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Breast cancer genome and transcriptome integration implicates specific mutational signatures with immune cell infiltration

Author:
  • Marcel Smid
  • F Germán Rodríguez-González
  • Anieta M Sieuwerts
  • Roberto Salgado
  • Wendy J C Prager-Van der Smissen
  • Michelle van der Vlugt-Daane
  • Anne van Galen
  • Serena Nik-Zainal
  • Johan Staaf
  • Arie B Brinkman
  • Marc J van de Vijver
  • Andrea L Richardson
  • Aquila Fatima
  • Kim Berentsen
  • Adam Butler
  • Sancha Martin
  • Helen R Davies
  • Reno Debets
  • Marion E Meijer-Van Gelder
  • Carolien H M van Deurzen
  • Gaëtan MacGrogan
  • Gert G G M Van den Eynden
  • Colin Purdie
  • Alastair M Thompson
  • Carlos Caldas
  • Paul N Span
  • Peter T Simpson
  • Sunil R Lakhani
  • Steven Van Laere
  • Christine Desmedt
  • Markus Ringnér
  • Stefania Tommasi
  • Jorunn Eyford
  • Annegien Broeks
  • Anne Vincent-Salomon
  • P Andrew Futreal
  • Stian Knappskog
  • Tari King
  • Gilles Thomas
  • Alain Viari
  • Anita Langerød
  • Anne-Lise Børresen-Dale
  • Ewan Birney
  • Hendrik G Stunnenberg
  • Mike Stratton
  • John A Foekens
  • John W M Martens
Publishing year: 2016-09-27
Language: English
Publication/Series: Nature Communications
Volume: 7
Document type: Journal article
Publisher: Nature Publishing Group

Abstract english

A recent comprehensive whole genome analysis of a large breast cancer cohort was used to link known and novel drivers and substitution signatures to the transcriptome of 266 cases. Here, we validate that subtype-specific aberrations show concordant expression changes for, for example, TP53, PIK3CA, PTEN, CCND1 and CDH1. We find that CCND3 expression levels do not correlate with amplification, while increased GATA3 expression in mutant GATA3 cancers suggests GATA3 is an oncogene. In luminal cases the total number of substitutions, irrespective of type, associates with cell cycle gene expression and adverse outcome, whereas the number of mutations of signatures 3 and 13 associates with immune-response specific gene expression, increased numbers of tumour-infiltrating lymphocytes and better outcome. Thus, while earlier reports imply that the sheer number of somatic aberrations could trigger an immune-response, our data suggests that substitutions of a particular type are more effective in doing so than others.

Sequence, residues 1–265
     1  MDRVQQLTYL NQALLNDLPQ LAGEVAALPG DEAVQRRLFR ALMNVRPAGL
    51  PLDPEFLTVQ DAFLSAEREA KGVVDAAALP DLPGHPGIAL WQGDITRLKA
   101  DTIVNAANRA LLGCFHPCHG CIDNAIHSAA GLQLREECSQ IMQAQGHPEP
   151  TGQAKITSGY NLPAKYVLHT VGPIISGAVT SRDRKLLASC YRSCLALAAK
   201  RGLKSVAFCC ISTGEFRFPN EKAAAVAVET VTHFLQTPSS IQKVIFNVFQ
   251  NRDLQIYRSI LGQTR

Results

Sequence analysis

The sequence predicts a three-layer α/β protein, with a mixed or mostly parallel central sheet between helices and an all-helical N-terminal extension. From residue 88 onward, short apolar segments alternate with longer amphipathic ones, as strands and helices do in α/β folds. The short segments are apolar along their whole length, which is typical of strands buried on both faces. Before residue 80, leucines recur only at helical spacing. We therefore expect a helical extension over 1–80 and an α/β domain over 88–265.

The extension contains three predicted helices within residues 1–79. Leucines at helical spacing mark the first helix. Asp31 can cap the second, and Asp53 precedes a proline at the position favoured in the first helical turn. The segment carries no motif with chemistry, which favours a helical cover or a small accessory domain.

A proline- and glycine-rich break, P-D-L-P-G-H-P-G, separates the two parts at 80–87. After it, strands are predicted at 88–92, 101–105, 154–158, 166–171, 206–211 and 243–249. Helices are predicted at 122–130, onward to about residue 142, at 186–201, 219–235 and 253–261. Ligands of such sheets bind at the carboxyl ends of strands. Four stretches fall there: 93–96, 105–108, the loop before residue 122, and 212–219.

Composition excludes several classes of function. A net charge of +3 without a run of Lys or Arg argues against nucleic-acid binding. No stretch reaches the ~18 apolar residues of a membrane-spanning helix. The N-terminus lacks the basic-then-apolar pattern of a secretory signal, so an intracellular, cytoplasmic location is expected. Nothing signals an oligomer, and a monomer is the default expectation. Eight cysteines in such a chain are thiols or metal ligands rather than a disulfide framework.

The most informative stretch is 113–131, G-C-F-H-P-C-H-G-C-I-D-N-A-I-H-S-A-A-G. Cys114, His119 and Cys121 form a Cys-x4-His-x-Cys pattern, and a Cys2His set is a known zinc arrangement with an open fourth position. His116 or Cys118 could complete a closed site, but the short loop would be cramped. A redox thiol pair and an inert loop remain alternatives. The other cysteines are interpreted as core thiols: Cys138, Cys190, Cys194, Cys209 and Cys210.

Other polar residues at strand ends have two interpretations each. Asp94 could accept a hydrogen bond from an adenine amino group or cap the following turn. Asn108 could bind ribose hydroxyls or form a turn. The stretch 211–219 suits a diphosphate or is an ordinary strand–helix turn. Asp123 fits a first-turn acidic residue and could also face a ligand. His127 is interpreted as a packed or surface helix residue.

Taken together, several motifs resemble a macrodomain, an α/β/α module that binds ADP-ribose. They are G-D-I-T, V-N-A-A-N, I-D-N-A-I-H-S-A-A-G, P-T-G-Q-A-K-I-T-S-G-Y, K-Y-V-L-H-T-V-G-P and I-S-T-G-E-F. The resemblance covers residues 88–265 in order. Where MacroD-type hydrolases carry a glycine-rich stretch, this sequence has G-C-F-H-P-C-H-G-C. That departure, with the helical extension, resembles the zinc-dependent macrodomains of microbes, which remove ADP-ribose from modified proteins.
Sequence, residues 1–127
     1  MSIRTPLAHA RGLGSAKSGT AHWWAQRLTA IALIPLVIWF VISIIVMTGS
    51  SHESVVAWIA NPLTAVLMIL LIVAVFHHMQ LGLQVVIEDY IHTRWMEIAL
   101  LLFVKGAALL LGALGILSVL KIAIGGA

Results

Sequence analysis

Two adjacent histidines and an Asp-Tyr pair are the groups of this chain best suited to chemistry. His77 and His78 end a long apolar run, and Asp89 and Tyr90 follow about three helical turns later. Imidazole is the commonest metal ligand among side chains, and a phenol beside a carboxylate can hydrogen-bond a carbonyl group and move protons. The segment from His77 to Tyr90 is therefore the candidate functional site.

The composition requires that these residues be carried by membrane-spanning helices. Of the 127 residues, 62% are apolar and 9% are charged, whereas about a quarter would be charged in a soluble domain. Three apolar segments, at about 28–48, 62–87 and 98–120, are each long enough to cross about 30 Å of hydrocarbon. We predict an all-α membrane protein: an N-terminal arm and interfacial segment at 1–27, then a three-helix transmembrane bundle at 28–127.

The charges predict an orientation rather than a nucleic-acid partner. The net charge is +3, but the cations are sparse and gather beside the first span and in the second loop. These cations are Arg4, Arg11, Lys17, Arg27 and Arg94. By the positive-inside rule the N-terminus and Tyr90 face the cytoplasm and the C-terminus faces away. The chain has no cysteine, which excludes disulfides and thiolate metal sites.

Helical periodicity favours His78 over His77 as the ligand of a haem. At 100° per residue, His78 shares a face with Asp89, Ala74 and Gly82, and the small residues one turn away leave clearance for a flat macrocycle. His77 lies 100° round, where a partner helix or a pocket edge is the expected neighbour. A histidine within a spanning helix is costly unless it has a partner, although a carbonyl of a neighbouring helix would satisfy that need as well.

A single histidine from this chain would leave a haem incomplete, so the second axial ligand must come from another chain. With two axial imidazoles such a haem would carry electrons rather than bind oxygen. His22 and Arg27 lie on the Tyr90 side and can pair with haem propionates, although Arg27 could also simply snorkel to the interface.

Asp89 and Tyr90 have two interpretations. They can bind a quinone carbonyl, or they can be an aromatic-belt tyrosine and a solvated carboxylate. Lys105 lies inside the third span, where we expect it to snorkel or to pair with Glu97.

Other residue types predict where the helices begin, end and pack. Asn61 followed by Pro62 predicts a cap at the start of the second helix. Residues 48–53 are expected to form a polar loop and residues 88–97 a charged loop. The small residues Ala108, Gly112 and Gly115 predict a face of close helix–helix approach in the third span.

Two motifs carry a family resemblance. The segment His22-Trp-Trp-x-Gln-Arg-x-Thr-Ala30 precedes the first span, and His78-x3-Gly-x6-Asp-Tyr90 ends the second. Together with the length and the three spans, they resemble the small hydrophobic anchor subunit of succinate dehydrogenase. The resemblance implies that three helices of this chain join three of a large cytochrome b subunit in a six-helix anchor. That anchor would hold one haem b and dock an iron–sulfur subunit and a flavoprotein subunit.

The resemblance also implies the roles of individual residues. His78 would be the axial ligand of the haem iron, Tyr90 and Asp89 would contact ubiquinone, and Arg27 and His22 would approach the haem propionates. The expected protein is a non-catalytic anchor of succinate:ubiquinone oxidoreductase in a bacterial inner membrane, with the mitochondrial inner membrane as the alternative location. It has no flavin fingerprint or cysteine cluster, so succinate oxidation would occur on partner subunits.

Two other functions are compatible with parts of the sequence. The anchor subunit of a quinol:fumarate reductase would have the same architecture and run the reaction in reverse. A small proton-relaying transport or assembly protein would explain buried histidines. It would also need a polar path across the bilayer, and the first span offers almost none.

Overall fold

Keywords

  • Medical Genetics
  • Cell and Molecular Biology
  • Cancer and Oncology

Other

Published
  • ISSN: 2041-1723
Markus Ringnér
E-mail: markus [dot] ringner [at] biol [dot] lu [dot] se

Research engineer

Molecular Cell Biology

B-A317

Sölvegatan 35, Lund

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